To characterize the biological roles of DEGs in subcluster 1, GO enrichment analyses were performed. Almost the same proportion of genes were enriched into biological process, cellular component, and molecular function. GO terms were related to various basic life activities, such as binding, cellular macromolecule metabolic process, intracellular, and cell (Additional file 2: Fig. S3a, Additional file 7: Dataset 5). In addition, these DEGs were enriched to the spliceosome, RNA transport, and ribosome biogenesis pathways by Kyoto Encyclopedia of Genes and Genomes (KEGG) analysis (Fig. 6b, Additional file 7: Dataset 5). Previous studies showed that HY5 (ZIP) is involved in chloroplast biogenesis in Arabidopsis and tomato [38, 39]. Here, the transcription factors Cla016581, Cla017361, Cla002873, and Cla021184 (ZIP) were differentially expressed in different samples (Additional file 1: Table S7). The gene expression of Cla002873 was positively correlated to the contents of γ-Carotene (r = 0.77) and lycopene (r = 0.85). The gene expression of Cla017361 was also positively correlated to the contents of γ-Carotene (r = 0.66) and lycopene (r = 0.72). Two GLK2 TFs (Cla010265, Cla020369), were differentially expressed in different samples (Additional file 1: Table S7). The gene expression of Cla010265 was positively correlated to the contents of lycopene (r = 0.77) and total carotenoids (r = 0.74). The gene expression of Cla020369 was also related to the content of lycopene (r = 0.74). The expression level of transcription factor Cla010815 was highest in red flesh fruit at 20 DAP and 34 DAP (Additional file 1: Table S7) and related to the lycopene content (r = 0.55). Cla010815 (MADS) was homologous to SlMADS1, which plays an important role in fruit ripening as a repressive modulator in tomato  (E-value: 3e-76, identity: 77.24%). The expression of Cla009725 (MADS) was negatively correlated with the content of phytoene (r = − 0.86), γ-carotene (r = − 0.82), lycopene content (r = − 0.73), and total carotenoids (r = − 0.85). This TF was homologous to CsMADS6, which was coordinately expressed with fruit development and coloration in citrus  (E-value: 4e-108, identity: 68.62%). The zinc finger CCCH domain-containing protein (Cla007686) was also in subcluster 1.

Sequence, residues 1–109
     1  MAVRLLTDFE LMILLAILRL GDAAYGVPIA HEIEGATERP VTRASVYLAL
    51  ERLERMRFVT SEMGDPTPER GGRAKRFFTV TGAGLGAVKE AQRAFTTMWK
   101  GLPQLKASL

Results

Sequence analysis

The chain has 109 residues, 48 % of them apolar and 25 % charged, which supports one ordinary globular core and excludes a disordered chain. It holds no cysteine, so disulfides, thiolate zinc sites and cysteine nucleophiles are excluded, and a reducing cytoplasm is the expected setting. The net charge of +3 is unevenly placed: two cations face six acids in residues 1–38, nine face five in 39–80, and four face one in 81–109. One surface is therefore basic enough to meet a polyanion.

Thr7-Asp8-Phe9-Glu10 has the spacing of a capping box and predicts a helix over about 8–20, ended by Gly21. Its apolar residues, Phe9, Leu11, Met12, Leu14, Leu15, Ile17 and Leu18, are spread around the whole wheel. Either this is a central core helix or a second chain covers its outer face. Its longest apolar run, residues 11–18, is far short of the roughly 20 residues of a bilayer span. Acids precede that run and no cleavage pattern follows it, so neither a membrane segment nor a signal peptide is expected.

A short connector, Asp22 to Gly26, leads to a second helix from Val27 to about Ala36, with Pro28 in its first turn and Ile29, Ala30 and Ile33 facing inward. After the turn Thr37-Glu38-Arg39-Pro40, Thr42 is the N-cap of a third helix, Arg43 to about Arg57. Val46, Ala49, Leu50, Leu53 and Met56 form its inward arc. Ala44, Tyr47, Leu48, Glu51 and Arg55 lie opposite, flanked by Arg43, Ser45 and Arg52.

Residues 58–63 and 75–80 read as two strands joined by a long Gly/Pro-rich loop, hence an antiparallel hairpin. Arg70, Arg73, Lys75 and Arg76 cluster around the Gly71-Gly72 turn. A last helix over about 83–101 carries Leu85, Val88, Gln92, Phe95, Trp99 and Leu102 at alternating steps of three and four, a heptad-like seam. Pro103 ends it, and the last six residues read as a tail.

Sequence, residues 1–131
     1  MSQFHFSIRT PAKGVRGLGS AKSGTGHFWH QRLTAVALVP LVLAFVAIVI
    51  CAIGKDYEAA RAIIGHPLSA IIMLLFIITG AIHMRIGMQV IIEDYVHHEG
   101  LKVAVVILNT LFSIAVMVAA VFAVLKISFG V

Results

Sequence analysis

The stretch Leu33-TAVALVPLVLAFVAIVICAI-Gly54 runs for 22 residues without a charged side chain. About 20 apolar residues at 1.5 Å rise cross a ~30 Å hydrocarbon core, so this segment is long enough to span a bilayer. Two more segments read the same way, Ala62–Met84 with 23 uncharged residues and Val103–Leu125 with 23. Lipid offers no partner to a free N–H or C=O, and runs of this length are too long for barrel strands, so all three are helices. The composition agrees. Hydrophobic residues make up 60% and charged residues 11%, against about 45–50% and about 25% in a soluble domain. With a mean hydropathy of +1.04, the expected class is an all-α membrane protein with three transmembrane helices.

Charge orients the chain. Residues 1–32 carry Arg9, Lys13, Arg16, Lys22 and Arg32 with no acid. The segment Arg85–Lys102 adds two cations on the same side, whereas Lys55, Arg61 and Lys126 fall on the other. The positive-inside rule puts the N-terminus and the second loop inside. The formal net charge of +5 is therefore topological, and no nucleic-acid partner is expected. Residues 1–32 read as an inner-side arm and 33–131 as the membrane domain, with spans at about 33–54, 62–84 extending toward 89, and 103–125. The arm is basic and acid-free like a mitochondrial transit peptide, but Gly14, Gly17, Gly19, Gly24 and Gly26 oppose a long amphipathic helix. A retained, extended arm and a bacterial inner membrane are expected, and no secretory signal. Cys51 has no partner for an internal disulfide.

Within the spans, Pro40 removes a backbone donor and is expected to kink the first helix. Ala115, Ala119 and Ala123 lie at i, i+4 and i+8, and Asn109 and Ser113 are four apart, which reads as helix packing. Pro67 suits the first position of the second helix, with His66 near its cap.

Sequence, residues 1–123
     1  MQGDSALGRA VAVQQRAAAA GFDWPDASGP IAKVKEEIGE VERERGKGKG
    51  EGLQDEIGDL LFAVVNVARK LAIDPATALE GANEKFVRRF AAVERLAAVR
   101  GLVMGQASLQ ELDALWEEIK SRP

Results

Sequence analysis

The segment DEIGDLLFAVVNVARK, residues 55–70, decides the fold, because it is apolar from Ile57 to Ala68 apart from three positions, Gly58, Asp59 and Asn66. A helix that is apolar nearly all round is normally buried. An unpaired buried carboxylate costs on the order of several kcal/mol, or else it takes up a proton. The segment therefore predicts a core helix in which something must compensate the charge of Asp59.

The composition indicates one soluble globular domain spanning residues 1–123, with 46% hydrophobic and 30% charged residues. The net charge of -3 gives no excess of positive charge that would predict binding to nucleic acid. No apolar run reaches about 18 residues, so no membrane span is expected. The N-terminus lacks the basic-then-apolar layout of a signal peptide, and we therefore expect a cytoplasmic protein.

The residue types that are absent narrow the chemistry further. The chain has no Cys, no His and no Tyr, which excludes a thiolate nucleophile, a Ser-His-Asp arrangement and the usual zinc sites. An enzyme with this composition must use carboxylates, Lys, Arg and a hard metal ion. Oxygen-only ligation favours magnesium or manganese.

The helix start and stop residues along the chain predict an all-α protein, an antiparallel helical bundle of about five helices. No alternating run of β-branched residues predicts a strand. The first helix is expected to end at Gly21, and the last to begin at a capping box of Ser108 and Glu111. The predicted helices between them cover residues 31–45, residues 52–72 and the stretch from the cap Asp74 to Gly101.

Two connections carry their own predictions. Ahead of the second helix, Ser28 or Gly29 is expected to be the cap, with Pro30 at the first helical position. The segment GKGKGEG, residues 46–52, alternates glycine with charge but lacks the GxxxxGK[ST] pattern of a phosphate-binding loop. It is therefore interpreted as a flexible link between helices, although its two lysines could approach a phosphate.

In subcluster 2, there were 3282 genes having a slightly higher expression at 20 DAP and 34 DAP than 10 DAP (Fig. 6a). GO terms such as single-organism metabolic process, small molecular metabolic process, and organonitrogen compound metabolic process were enriched (Additional file 2: Fig. S3b, Additional file 7: Dataset 5). KEGG enrichment analysis showed that the most significantly enriched pathways were proteasome, biosynthesis of amino acids, carbon metabolism pathway, TCA-cycle, glycolysis/gluconeogenesis proteasome, and pyruvate metabolism pathway. The proteasome pathway contains 26S protease regulatory subunit genes and proteasome subunit type genes. Acetyl-CoA carboxylase biotin carboxylase, pyruvate kinase, and malate dehydrogenase were in the pyruvate metabolism pathway (Fig. 6b, Additional file 7: Dataset 5). The transcription factor Cla000691 was homologous to SlMADS1 that plays as a repressive modulator in tomato fruit ripening  (E-value: 2e-87, identity: 64.93%) and highly expressed in the pink-fleshed watermelon fruits at later development stages (Additional file 1: Table S7).